Covalent Structure of a Group-Specific Protease from Rat Small Intestine~

Richard G. Woodbury*, Nobuhiko Katunuma, Keiko Kobayashi, Koiti Titani, Hans Neurath, Wayne F. Anderson, Brian W. Matthews, Richard G. Woodbur

*Corresponding author for this work

Research output: Contribution to journalArticlepeer-review

97 Scopus citations

Abstract

“Group-specific” protease (GSP) is a serine protease, obtained from rat small intestine, which preferentially inactivates the apo forms of certain pyridoxal phosphate requiring enzymes. The enzyme contains 224 amino acid residues in a single polypeptide chain and three disulfide bonds. In the present work the covalent structure has been determined and its homologous relationship to those of chymotrypsin, trypsin, and elastase has been established (approximately 33% identity with each). The residues forming the “charge-relay” system of the active site of chymotrypsin (His-57, Asp-102, and Ser-195) are found in corresponding regions in GSP, whereas an alanyl residue at position 176 of GSP corresponds to a residue which participates in the primary substrate binding site in serine proteases (Asp-177 in trypsin; Ser-189 in chymotrypsin). Three disulfide bonds in GSP occur in similar positions in chymotrypsin, trypsin, and elastase. However, GSP lacks a disulfide bond which is present in all known serine proteases (linking Cys-191 to Cys-220 in chymotrypsin). In view of the close proximity of this bond to both the primary and the anti-parallel binding sites of various serine proteases, it is likely that its absence in GSP is related to the substrate specificity of this enzyme. It is concluded that GSP diverged from a common ancestor preceding chymotrypsin but following trypsin.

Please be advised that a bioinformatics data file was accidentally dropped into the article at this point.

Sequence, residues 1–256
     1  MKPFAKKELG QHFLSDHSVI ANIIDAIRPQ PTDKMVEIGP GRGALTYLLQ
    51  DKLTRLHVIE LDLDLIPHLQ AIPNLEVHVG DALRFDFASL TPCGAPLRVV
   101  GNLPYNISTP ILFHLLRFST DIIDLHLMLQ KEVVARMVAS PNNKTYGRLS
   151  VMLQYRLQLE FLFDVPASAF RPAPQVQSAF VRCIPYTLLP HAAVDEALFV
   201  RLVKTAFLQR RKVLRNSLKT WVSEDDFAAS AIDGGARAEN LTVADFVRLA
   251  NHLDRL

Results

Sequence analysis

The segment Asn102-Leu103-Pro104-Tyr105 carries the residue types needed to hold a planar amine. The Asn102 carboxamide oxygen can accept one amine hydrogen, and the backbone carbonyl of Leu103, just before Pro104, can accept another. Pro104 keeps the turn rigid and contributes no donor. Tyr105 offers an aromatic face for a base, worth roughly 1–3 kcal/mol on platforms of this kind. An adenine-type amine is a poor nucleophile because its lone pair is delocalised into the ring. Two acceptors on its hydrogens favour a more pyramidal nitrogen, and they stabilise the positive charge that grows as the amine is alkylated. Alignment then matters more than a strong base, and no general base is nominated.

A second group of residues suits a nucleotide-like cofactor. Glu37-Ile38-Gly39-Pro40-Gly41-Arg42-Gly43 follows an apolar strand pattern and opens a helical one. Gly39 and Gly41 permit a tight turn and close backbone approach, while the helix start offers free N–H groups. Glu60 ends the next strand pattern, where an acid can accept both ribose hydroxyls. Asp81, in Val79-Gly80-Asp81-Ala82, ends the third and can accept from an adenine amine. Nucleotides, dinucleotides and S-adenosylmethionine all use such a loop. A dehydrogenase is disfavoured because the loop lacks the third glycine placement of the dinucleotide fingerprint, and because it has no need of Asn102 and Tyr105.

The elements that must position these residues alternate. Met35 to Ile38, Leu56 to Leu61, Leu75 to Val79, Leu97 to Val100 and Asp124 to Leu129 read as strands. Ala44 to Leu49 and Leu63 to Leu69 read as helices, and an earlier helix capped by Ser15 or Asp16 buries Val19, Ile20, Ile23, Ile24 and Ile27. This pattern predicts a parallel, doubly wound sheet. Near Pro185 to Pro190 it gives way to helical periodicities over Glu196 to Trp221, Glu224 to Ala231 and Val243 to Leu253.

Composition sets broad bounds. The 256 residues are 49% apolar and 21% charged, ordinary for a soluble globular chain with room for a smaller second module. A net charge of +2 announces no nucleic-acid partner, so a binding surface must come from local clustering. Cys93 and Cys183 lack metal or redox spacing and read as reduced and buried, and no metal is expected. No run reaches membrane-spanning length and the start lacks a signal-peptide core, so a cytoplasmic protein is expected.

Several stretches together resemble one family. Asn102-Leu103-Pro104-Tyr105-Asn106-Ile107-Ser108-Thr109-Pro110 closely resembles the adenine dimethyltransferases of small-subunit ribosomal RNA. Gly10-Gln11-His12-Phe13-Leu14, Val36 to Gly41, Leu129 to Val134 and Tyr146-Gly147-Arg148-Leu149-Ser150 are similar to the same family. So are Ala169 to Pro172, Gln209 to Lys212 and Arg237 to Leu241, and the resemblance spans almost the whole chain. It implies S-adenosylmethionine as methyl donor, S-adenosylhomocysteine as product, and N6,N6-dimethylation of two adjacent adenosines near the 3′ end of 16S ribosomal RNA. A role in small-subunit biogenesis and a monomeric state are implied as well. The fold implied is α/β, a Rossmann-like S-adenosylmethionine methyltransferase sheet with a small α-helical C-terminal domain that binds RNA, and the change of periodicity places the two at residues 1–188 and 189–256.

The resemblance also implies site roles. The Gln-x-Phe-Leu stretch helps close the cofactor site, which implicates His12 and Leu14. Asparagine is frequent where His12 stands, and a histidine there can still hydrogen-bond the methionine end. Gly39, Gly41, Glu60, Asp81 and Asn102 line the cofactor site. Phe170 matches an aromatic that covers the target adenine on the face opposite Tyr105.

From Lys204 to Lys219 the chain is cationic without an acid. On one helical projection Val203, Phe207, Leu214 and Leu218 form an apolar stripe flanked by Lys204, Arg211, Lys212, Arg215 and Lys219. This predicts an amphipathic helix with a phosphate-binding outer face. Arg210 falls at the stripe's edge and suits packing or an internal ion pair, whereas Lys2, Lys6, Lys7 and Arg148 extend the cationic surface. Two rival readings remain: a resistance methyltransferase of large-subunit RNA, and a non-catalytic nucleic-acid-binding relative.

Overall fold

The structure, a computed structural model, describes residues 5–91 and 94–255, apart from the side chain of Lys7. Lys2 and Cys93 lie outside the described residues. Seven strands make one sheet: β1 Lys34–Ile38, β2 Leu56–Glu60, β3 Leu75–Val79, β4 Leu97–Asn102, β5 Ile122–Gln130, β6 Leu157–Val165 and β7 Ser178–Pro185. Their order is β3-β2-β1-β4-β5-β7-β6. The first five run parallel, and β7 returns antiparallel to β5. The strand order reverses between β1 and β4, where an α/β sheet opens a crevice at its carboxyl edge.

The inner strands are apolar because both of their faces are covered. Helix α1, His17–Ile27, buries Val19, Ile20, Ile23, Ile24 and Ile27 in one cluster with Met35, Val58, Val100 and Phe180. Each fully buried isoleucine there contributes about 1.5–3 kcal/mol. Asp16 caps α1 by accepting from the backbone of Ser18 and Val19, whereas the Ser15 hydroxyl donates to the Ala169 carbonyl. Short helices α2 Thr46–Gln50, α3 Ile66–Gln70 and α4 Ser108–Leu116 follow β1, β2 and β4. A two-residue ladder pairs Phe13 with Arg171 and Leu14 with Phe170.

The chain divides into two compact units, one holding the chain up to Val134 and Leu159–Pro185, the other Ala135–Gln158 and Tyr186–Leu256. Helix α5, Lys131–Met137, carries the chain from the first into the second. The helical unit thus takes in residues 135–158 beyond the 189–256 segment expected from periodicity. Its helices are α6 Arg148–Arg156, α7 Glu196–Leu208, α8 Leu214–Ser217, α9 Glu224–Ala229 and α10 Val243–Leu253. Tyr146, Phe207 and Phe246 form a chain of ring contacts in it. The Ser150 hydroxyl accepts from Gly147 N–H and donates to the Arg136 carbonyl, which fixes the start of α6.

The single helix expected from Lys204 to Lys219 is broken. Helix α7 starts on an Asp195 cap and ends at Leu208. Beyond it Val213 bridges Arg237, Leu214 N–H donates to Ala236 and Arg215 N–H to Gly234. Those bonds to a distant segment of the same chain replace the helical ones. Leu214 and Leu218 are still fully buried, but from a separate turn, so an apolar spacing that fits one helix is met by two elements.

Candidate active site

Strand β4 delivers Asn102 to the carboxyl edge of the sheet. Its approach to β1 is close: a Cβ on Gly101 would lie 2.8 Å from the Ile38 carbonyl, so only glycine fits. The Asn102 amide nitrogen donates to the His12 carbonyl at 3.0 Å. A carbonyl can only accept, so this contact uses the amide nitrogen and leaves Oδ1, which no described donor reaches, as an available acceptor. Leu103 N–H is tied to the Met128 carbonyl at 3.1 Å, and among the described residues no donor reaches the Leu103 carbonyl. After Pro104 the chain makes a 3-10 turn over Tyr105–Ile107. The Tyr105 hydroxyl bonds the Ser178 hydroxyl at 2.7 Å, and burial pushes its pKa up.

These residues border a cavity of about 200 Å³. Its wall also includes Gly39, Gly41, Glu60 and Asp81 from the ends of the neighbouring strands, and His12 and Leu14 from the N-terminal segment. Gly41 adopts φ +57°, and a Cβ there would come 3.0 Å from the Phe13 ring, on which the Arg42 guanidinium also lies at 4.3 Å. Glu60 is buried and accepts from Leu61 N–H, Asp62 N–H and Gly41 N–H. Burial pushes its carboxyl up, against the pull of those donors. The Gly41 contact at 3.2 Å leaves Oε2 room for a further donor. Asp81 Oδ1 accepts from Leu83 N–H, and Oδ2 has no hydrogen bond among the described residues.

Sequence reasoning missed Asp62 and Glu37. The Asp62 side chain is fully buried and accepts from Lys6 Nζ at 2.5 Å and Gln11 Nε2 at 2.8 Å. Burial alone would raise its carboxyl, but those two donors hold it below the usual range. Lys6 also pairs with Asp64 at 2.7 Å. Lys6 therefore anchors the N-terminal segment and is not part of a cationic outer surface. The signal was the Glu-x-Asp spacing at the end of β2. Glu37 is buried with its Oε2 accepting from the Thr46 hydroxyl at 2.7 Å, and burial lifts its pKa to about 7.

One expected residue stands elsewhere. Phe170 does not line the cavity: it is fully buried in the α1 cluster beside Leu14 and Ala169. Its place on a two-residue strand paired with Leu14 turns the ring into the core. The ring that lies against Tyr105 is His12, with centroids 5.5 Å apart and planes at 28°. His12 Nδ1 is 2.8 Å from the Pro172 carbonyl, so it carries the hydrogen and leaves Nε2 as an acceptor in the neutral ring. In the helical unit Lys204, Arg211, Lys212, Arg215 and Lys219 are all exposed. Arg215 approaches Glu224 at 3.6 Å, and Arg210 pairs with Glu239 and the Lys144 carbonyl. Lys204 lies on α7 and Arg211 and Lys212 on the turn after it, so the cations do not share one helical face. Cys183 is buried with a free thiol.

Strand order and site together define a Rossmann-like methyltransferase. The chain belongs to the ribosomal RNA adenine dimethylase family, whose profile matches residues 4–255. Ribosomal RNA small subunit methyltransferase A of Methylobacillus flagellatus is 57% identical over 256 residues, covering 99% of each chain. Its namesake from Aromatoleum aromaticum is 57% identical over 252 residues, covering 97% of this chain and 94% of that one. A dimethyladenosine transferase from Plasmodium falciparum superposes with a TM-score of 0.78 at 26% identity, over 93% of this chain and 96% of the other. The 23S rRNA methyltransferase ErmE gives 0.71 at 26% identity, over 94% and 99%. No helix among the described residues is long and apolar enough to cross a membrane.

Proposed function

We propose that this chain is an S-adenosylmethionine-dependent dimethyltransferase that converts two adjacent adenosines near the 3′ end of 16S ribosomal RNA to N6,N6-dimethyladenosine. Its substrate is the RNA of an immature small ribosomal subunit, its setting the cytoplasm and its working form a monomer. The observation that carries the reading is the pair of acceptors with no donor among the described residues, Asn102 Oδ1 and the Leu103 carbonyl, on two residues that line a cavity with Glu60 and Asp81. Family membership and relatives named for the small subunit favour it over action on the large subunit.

Original languageEnglish (US)
Pages (from-to)811-819
Number of pages9
JournalBiochemistry
Volume17
Issue number5
DOIs
StatePublished - Jan 1 1978

ASJC Scopus subject areas

  • Biochemistry

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